Real Life: Thinking Critically about Self Improvement
I am a self-professed lover of “self-improvement”. Books, articles, teachings, quotes, cleanses – you name it – I’ve tried it. I find it fascinating to hear from those who seem to have found the key to living their best life and want to tell everyone about it. However, I have been thinking a bit more critically about the entire “self-improvement” movement. I recently saw an article on one of my daily web reads that promised to give readers steps to live their most “authentic” lives. I opened it up and was eager to read perhaps about breaking free of inauthentic relationships, refusing to settle, or tapping in to your intuition. I was stopped dead in my tracks when the first step was “eat a plant based diet”.
“Why would telling someone to change their eating habits make their lives a more authentic expression of who they are?” I thought. Well, perhaps the author is suggesting that you should eat a healthier diet, heavy on the veggies so that you feel your best. I kept reading….
“Eating meat causes you to ingest the suffering of living beings.”
Nope! This is not simply about eating healthy, this is vegetarianism. Ok. So, let me get this straight. In order for ME to live MY AUTHENTIC life, I need to adhere to YOUR LIFESTYLE CHOICES AND VALUES.
Well, this makes no sense at all. I closed the article.
I think that those - yoga teachers, bloggers, nutritionists, personal trainers etc -who have the privilege of capturing an audience who are looking for “self-improvement” ideas and guidance, need to be very careful. People are seeking information and answers and sometimes may be in a vulnerable state. I feel like we need to be mindful of our influence on others and how we share our ideas and values, even if we are coming from the best intentions. The thing is, these are OUR ideas and values and they may not be right for everyone. I know yoga teachers who are vegetarian and believe this is an important aspect of their yoga journey, some who wake up with the sun to meditate every morning, or make sure to practice every single day. All of these things may be great for some, but certainly aren’t realistic for all.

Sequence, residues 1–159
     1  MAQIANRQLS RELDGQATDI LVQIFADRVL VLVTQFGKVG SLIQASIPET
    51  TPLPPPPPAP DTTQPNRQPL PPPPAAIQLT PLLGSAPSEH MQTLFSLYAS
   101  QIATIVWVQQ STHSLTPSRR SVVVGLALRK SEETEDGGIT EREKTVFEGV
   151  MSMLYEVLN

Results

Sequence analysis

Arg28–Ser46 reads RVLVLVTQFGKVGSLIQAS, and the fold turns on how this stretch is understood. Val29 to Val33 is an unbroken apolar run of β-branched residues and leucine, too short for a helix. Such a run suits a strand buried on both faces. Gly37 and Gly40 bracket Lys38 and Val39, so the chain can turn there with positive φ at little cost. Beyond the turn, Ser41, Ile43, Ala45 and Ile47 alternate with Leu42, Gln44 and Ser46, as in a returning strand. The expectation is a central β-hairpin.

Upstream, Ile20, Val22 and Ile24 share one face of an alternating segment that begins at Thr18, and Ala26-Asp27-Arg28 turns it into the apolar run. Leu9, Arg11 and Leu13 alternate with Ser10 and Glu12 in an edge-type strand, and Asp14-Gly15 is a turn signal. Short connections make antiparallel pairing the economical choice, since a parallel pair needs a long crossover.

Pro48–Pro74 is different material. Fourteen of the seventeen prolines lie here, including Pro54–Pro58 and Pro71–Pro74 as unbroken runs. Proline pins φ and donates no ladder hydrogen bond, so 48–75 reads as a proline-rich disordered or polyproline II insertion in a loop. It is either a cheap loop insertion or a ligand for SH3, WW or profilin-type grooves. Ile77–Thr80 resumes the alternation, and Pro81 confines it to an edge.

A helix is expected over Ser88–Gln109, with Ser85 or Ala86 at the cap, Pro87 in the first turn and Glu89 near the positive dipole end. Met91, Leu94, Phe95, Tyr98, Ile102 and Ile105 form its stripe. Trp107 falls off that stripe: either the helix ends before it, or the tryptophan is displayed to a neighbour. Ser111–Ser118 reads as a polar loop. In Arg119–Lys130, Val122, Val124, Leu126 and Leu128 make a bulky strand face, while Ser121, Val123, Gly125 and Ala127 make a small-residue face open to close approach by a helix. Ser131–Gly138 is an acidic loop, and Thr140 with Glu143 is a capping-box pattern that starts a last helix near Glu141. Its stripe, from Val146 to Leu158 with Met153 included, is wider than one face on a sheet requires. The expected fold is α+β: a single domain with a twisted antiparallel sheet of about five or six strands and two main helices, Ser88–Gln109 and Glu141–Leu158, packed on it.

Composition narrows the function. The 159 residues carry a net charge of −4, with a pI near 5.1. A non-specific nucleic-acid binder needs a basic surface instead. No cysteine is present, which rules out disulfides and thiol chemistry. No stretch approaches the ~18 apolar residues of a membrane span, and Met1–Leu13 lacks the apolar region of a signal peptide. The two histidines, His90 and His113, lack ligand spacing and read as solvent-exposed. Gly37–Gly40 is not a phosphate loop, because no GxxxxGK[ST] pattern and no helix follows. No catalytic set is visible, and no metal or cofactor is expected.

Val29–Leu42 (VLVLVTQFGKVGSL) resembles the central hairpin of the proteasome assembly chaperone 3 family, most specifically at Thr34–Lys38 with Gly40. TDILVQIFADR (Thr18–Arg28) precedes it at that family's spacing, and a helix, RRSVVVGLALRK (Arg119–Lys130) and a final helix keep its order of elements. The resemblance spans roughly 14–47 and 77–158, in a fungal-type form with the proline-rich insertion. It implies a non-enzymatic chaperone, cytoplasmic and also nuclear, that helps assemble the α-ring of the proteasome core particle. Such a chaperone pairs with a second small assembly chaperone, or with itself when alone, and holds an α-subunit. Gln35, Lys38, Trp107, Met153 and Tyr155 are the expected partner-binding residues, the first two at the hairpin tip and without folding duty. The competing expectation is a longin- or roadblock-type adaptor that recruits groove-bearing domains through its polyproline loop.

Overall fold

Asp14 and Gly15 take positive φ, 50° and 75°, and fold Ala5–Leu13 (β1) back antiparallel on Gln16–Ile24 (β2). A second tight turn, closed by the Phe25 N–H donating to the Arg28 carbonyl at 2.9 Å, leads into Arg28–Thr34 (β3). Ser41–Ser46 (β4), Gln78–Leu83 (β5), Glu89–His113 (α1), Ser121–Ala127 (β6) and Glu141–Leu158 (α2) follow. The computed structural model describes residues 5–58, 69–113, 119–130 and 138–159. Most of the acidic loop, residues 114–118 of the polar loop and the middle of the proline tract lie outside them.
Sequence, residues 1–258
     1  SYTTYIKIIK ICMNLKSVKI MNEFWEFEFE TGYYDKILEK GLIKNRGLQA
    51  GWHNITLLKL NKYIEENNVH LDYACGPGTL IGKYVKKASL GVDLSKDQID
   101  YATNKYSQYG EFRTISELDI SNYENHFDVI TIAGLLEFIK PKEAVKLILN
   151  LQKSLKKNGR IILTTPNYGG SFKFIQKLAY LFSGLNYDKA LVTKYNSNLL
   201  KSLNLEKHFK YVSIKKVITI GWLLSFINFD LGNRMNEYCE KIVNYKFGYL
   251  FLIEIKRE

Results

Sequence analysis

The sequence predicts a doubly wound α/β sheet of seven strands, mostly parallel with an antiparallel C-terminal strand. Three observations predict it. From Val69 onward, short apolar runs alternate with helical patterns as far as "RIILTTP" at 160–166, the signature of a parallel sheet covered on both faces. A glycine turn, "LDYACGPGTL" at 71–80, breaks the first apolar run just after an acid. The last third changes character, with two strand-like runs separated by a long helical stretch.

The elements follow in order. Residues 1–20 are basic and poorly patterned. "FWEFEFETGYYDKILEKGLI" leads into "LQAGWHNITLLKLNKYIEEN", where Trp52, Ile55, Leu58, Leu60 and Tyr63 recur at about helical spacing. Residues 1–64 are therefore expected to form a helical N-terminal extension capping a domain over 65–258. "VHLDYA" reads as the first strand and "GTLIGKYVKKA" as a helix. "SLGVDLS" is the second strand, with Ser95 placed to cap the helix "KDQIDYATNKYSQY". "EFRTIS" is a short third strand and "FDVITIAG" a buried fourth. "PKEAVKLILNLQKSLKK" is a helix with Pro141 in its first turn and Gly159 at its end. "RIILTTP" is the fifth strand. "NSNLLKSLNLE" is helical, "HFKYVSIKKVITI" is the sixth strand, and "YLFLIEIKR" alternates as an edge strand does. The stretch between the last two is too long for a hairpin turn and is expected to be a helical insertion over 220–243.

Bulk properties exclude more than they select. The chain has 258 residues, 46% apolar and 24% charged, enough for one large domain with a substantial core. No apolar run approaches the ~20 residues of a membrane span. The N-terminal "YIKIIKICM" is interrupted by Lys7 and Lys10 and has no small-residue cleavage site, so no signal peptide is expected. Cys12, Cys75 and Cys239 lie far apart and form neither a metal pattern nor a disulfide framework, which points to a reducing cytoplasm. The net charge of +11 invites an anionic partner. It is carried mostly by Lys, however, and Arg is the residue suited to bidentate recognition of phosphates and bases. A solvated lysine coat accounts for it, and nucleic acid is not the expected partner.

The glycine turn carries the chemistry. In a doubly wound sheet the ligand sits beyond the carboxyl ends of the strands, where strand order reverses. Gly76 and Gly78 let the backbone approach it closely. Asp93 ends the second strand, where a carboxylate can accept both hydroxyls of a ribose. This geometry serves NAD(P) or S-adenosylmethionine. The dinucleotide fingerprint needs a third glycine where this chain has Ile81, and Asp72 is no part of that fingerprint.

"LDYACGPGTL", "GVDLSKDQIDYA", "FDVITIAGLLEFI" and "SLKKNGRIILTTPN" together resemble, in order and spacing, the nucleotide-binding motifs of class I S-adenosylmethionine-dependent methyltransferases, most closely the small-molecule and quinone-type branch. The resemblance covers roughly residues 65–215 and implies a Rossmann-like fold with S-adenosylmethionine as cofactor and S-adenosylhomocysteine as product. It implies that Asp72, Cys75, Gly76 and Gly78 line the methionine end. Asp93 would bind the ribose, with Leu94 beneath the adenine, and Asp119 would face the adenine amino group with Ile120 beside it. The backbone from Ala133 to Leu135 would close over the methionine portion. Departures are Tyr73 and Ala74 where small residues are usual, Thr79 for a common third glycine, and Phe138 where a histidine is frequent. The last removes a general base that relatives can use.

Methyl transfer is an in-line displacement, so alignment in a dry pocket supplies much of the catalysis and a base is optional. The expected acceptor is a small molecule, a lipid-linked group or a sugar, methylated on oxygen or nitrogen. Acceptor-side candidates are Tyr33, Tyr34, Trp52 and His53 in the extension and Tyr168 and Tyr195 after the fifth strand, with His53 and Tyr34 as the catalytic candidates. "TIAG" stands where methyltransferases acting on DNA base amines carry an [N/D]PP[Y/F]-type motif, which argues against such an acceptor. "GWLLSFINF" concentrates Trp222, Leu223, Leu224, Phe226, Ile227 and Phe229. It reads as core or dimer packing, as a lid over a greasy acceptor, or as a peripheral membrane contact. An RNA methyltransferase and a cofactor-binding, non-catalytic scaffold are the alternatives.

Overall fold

After thinking more critically about the self-improvement materials that I take in, I feel that the message for self-improvement that I find the most helpful is that of empowering an individual to make the choices that feel right for them. Maybe it’s about teaching people to tune in to their little voice that wants to guide them to live their authentic life, but that they push aside daily. Maybe it’s about encouraging them to do more things that bring them joy or simply figuring out what that is! Or, maybe it's about encouraging people to think critically about the self-improvement materials they take in. But, in my opinion, it certainly shouldn’t be – live like me and your life will improve. I mean, this is real life, and in real life, sometimes cheeseburgers make my life better, but that may not work for you :)